The Vatican has just issued the Holy Father’s post-synodal letter on youth, Christus vivit, finished on March 25th, but just now open to the public. I have yet to read it, but, upon first glance, amongst many good exhortations, the document seems to contain also a number of ambiguous statements we have come to expect from this Magisterium, words which must be interpreted in light of Scripture and Tradition – not the other way around. As Pope Pius XII put it, we interpret the less clear in light of the more clear and, we would add, the less authoritative in the light of what has greater authority. For our Church is one that transcends history, while immersed in space and time, with two millennia of teaching. We have been given the Truth, and we must hold onto it – or Him – for our dear lives.
The Pope has also just returned from his trip to Morocco, and in his General Audience, has urged solidarity between Christians and Muslims who are both ‘children of Abraham’. Yes, in a sense – for all men are in a sense descendants of the one who was promised them like the ‘sands on the seashore’ because of his great faith. In light of Christ’s words in John chapter 8, would the ‘faith of Abraham’ be more consistent with Catholicism or Islam? Which one is the more rational, consistent and pleasing to God?
The Holy Father herein also clarifies his recent statement that God wills the diversity of religions, using – I am glad to read – the scholastic distinction between the permissive and more perfect will of God. That is, things may be more or less ‘God’ will’, and the Almighty permits much that is evil, or even less good, in order to bring about a greater good. The Pope seems to consider Islam as a ‘less good’ religion, rather than one that is evil, so why can’t we all just get along amicably?
The difficulty here is that there is also a good deal that is ‘evil’ in Islam, as even a brief perusal of history, current and more distant, will attest, and one wonders if all Muslims will also want to just ‘get along’, or will they want the rest of us to submit to that we cannot?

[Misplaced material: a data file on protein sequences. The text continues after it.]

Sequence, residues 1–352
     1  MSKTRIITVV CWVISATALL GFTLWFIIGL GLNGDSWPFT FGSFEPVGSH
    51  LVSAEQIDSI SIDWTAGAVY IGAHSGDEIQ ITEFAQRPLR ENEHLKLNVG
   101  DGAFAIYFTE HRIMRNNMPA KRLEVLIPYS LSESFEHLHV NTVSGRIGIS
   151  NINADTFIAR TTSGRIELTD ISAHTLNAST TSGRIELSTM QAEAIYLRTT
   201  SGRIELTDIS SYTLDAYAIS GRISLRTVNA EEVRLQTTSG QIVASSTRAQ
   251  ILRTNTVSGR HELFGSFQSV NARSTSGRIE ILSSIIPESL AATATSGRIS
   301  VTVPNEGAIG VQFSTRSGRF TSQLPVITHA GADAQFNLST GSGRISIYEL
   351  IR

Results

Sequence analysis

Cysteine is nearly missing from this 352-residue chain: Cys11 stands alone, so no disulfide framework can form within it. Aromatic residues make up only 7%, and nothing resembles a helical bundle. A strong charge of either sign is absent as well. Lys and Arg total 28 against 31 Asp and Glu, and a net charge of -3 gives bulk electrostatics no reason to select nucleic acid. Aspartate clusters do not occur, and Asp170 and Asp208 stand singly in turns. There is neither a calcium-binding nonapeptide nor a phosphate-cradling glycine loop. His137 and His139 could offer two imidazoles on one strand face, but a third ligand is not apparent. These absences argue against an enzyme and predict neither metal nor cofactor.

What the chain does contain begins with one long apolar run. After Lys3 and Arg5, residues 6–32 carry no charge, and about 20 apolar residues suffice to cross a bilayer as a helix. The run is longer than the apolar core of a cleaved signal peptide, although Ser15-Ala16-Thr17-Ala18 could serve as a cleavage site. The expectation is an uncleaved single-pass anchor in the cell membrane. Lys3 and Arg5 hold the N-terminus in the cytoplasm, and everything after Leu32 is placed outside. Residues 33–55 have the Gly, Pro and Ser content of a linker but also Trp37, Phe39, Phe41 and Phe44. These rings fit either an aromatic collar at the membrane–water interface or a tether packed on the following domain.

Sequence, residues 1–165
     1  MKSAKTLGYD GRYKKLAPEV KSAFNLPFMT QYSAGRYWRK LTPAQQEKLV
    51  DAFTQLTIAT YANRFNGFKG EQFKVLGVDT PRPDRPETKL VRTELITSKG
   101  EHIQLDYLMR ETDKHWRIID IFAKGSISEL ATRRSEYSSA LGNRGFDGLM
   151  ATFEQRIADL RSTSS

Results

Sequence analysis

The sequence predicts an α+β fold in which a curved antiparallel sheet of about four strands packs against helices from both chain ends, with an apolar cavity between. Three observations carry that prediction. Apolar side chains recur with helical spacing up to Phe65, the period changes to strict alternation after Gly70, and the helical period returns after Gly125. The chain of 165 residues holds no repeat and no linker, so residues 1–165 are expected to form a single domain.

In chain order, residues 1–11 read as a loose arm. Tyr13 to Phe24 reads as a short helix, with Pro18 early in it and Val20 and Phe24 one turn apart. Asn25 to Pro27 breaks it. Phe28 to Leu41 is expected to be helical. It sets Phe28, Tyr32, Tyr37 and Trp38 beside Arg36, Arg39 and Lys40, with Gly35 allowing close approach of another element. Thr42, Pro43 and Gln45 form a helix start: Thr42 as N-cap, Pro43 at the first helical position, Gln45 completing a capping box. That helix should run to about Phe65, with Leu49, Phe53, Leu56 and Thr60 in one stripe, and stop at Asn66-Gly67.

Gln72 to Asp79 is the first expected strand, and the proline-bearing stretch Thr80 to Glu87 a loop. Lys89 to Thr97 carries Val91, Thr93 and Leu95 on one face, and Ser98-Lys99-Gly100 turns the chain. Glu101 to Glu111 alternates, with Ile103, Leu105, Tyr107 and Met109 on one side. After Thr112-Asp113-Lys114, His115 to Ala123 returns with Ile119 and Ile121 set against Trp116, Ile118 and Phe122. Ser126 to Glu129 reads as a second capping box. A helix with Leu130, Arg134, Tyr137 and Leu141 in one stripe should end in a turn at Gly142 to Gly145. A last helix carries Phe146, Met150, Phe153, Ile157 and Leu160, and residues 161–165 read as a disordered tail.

As a case in point, it will be informative to watch how the media establishment responds to the instantiation of Sharia law in Brunei, where homosexual behaviour will now get you stoned – not by marijuana, also illegal, but as in pelted with rocks until dead. What, I wonder, will happen when these different mind-sets – Hollywood and Sharia – collide?
While collisions, Justin Trudeau has expelled – like an upset vice principal – Jody Wilson-Raybould and Jane Philpott from the Liberal Party. The Prime Minister is upset that Ms. Wilson-Raybould secretly taped a conversation with Michael Wernick, the Clerk of the Privy Council, offering evidence that she, as Minister of Justice and Attorney-General, was being coerced to skirt the law to protect SNC-Lavalin. It is all so sordid and pathetic, but what does one expect? Morality is all of a piece, and one either has an ordered conscience, which will in the end do the right thing, or a corrupt and seared one, which will choose badly. If Trudeau and his un-merry band support the murder of unborn children in the full light of day – and our minister-king will tolerate no dissent on this – what will they not do in secret?
Perhaps the two former Liberals should be glad to have been let go, and we may hope that this offers some space for reflection, to clarify their own conscience.
As Mr. Trudeau put it, his party ‘must stand united’, but in what? On solid rock, or on shifting sand of ephemeral, sentimentalist, self-referential ‘values’, which permit much that is deeply evil? And what will they do when the winds begin to blow, as they seem to be? And if a house divided against itself cannot stand, what are we to say of a house divided from Christ and His Truth? What, pray tell, is holding it, and them, and us, all together?
Today is the memorial of Saint Vincent Ferrer (+1419), a fiery, intense, highly intelligent Dominican missionary, who travelled the length and breadth of Europe preaching to and converting untold thousands, counselling kings and potentates, and embroiled in the controversies of the day, not least the Great Western Schism, wherein there were at point three rival claimants to the papacy. There was not much ambiguity in his preaching. Like all great saints, his apostolic work was the fruit of a deep interior life, and one fact that struck me was that during his formation, he spent three years reading nothing but the Bible, committing the entire Word of God to memory. Would that we had but a spark of the fire that must have burned within Vincent, perhaps we too might set the world ablaze.